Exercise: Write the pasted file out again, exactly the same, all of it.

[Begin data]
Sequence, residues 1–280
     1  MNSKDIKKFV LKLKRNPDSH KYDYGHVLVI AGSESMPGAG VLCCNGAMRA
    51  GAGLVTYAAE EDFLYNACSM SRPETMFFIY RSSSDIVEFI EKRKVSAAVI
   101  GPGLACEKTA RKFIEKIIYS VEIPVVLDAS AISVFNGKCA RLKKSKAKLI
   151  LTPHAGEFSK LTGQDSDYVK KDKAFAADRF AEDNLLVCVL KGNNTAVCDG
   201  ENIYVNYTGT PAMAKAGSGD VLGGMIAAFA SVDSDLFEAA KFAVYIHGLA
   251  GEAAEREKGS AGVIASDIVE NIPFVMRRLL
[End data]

Sequence, residues 1–280
     1  MNSKDIKKFV LKLKRNPDSH KYDYGHVLVI AGSESMPGAG VLCCNGAMRA
    51  GAGLVTYAAE EDFLYNACSM SRPETMFFIY RSSSDIVEFI EKRKVSAAVI
   101  GPGLACEKTA RKFIEKIIYS VEIPVVLDAS AISVFNGKCA RLKKSKAKLI
   151  LTPHAGEFSK LTGQDSDYVK KDKAFAADRF AEDNLLVCVL KGNNTAVCDG
   201  ENIYVNYTGT PAMAKAGSGD VLGGMIAAFA SVDSDLFEAA KFAVYIHGLA
   251  GEAAEREKGS AGVIASDIVE NIPFVMRRLL